View Full Version : Which Digital Calipers

12-09-2003, 03:15 PM
I need to replace my 6" digital calipers. I need good accuracy without breaking the bank. There are many choices, and most of the ones under consideration claim .001 accuracy. I know many here have a strong preference for Mitutoyo, but they make several similar models with a broad range in price. Any specific recommendations?

Al Messer
12-09-2003, 03:39 PM
Joel, Digital Calipers are a lot like women and sports teams: everybody has his own favorite. Wish I could REALLY advise you, but mine are an Oriental import that cost me the princely sum of $24.95. But, they are accurate enough for what I do.

12-09-2003, 03:52 PM
I love my 8" digital caliber I got from HF for 25$ on sale. They are the stainless steel ones.
I also have a nice mitutoyo 6" dial caliber that I used for first time in a long time, and oh man, I forgot how nice and silky smooth it is.

12-09-2003, 04:11 PM
Mitutoyo's best digital calipers have an SPC output. This is one thing you probably don't need, and can save you $30 or so. I wouldn't buy their cheapest units (some have said less accuracy) but either a conventional digital or a water-resistant digital if that's a concern for your application.

12-09-2003, 04:14 PM
Thanks, I still have a good set of the inexpensive ones. I need something good to .001 or better, and I figured many here have had good luck with some particular calipers.
J&L currently has on sale, a Mitutoyo MT5-00652E for $139. A B&S Dura-Cal IP65, 599-571-10S for $110. And a Starrett 721A-6/150 for $122. None list accuracy in the catalog.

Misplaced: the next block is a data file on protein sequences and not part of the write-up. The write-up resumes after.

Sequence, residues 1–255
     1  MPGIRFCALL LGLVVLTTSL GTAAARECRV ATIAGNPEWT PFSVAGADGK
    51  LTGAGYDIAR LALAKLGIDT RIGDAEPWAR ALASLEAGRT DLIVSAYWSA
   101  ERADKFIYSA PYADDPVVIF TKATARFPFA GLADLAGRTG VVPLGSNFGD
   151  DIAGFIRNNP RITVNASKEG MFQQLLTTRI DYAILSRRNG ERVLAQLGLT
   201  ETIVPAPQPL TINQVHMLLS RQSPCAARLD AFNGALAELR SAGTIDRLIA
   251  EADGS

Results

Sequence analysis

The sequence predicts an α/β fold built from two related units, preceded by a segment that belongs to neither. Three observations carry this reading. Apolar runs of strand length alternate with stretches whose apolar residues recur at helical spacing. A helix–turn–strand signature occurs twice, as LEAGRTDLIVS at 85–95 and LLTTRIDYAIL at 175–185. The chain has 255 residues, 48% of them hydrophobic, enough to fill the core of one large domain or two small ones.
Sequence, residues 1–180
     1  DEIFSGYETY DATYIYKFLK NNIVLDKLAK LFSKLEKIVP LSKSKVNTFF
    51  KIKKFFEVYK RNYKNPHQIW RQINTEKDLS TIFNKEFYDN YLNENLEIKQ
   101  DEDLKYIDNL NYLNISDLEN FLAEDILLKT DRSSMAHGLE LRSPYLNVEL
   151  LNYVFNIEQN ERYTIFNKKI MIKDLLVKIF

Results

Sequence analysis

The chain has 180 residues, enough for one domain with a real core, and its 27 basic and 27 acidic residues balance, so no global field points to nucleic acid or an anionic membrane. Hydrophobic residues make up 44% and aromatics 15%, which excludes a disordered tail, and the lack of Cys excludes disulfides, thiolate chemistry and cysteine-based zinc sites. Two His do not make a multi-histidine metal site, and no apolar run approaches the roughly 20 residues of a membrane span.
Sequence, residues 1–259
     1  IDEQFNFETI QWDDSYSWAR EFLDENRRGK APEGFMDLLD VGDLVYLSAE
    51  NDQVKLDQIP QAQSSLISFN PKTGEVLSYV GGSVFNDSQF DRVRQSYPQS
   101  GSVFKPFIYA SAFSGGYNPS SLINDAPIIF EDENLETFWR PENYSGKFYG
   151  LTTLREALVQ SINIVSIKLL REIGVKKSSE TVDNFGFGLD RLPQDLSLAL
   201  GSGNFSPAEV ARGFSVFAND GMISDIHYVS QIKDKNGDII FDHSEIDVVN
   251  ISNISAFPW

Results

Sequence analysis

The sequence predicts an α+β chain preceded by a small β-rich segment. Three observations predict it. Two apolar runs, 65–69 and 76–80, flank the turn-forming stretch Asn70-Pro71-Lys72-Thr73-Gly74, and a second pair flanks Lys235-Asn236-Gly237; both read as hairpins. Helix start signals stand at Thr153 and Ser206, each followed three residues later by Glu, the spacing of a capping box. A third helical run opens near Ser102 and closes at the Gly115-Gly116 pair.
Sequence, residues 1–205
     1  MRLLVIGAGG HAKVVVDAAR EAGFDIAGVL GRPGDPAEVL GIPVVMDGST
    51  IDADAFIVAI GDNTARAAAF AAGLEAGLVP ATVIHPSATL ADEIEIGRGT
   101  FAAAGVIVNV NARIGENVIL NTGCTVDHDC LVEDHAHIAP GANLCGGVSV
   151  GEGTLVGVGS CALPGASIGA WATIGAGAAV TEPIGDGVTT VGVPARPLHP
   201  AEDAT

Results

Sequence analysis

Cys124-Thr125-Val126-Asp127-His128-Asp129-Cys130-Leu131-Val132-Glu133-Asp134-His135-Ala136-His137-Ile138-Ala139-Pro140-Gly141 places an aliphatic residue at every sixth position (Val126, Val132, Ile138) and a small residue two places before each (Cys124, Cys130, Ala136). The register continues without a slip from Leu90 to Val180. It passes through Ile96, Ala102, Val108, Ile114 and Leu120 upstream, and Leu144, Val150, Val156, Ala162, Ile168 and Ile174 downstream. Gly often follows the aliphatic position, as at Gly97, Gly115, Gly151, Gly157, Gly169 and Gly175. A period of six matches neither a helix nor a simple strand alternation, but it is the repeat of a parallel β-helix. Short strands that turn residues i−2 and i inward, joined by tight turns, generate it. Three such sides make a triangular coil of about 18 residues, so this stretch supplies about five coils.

[This message has been edited by Joel (edited 12-09-2003).]

12-09-2003, 04:22 PM
The best digital calipers I own are Mitutoyo Absolute Digimatic. Read to 0.005". Cost $5.00 & new battery.
I use my Starrett dial calipers for most work. I just have never gotten used to using a digital when machining. Same with indicators.

12-09-2003, 04:38 PM
How about micrometers? Am I at a huge disservice for not owning one? On my axles I need to cut, I have been using my digital calibers, and some tolerances are close to .0005.

12-09-2003, 04:40 PM

According to the technical specs on the Mitutoyo website the accuracy of nearly all thier digital calipers is +-.001. Some of the line have readouts with resolution of .0005 but still only accuracy of +- one thou. That isn't good enough for me which is why I still use dial calipers.

12-09-2003, 05:10 PM
A digital caliper that reads to 0.005" has an accuracy of 0.001".
You cannot expect better than 0.001" from dial calipers due to the mechanics of the rack & pinion drive and inherent loss of accuracy and repeatability in the mechanism not to mention the effect of parallax in taking the reading. No dial calipers that I know of spec better than 0.001" accuracy.

12-09-2003, 05:37 PM
BillH, to work to tight tolerances you need to use micrometers. Even cheap ones will work well for you compared to calipers.
Evan, when I am working to close tolerance, I use my mics. Often tolerances are not required to be that tight, and digitals are a great expedient. Years ago, I almost bought a Mitutoyo until I found out it was only accurate to .005. Glad I checked.
JC, my cheapies read to .0005 but are only good to maybe .003, good for roughing only. Do you think the Absolutes are superior to the Dura-Cals?

The B&S are looking pretty good. I can get them for $95 from the mfg. The Mitutoyo Absolutes are still right there though for under $100. Starrett doesn't give an accuracy on theirs, so I am ruling them out.